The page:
Object. Because modern imaging techniques now allow for early diagnosis of spinal tuberculosis, more conservative management options are possible. The authors evaluated the effectiveness of transpedicular instrumentation for treatment of thoracolumbar and lumbar spinal tuberculosis in patients with mild bone destruction and the main symptom of “instability catch” (a sudden painful “snap” that occurs when one extends from a forward bent to an upright position).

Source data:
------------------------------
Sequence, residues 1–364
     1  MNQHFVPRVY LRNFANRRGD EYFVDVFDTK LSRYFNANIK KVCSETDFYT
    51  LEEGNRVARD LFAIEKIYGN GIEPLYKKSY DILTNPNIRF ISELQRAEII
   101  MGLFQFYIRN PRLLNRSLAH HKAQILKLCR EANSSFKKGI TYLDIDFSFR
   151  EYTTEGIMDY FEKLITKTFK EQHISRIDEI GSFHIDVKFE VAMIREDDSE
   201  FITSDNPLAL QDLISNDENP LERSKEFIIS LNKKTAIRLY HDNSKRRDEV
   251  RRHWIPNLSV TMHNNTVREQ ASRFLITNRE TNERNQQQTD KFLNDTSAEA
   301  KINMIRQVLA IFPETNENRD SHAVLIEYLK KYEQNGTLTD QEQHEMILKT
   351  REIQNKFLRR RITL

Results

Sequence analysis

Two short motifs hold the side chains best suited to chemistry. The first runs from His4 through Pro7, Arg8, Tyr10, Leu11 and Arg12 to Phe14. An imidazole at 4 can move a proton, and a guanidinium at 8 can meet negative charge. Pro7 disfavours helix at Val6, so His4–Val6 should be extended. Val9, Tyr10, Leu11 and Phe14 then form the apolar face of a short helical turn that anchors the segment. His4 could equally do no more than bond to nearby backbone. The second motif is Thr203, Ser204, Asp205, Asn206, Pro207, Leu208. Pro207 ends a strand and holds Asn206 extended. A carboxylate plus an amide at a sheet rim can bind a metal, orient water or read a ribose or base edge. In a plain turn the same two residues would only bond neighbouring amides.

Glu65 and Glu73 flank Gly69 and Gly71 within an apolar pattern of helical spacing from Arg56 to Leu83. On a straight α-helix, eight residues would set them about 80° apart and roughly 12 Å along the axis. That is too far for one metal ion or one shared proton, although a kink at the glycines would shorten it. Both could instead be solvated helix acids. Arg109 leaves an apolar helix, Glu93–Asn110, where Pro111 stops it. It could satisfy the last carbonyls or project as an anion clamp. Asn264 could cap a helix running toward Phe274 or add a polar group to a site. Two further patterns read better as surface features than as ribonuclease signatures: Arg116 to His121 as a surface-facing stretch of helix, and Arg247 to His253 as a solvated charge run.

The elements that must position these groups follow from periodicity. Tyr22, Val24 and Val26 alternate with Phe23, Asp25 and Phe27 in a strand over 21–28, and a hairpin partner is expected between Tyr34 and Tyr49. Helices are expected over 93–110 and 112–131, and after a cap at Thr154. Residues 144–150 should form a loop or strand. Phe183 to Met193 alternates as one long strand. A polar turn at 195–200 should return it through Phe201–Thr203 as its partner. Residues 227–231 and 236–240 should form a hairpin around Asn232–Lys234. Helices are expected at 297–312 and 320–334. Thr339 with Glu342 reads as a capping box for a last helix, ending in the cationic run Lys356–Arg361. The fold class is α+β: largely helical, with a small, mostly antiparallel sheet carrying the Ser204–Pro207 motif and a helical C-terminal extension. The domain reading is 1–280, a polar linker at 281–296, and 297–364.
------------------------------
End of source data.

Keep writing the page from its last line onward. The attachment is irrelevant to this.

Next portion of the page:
Methods. Eighteen patients (nine men and nine women, age range 49–71 years) with spinal tuberculosis were treated with transpedicular instrumentation that was supplemented with posterolateral fusion and chemotherapy. All patients were wheelchair dependent or bed-ridden due to severe instability catch, with a mean symptom duration of 2.5 months (range 1–6 months). Two contiguous vertebrae were involved in 17 patients, and a single vertebrae was involved in one. In five patients mild neurological deficits (Frankel Grade D) were present. During surgery, the screws were implanted into the two nonaffected pedicles nearest the lesion to stabilize the involved segments. No attempt at radical debridement or neural decompression was undertaken. The follow-up period ranged from 21 to 40 months. Postoperatively the instability catch was relieved within 10 days (excellent outcome) and within 1 month (good outcome) in seven and eight patients, respectively, and within 3 months (fair outcome) in two; in the remaining patient, the symptom did not resolve (poor outcome). A short duration of symptoms (generally < 3 months) and bone destruction of less than 50% in the involved vertebral bodies were observed in patients who made a good or excellent outcome. During the follow-up period, good maintenance of spinal alignment, stabilization of the involved segment, and resolution of the inflammatory process were shown; however, there was no strong evidence that fusion had occurred at the bony defect. Patients in whom a fair outcome was achieved experienced a longer duration of symptoms, and in each, one vertebral body with greater than 50% bone destruction was demonstrated. However, good maintenance of spinal alignment was also shown during the follow-up period. The patient whose outcome was poor had the longest history (6 months) of symptoms and the most extensive involvement of the spine (> 50% destruction of two adjacent lumbar vertebral bodies). Postoperatively, implant failure occurred and the patient developed a wound infection.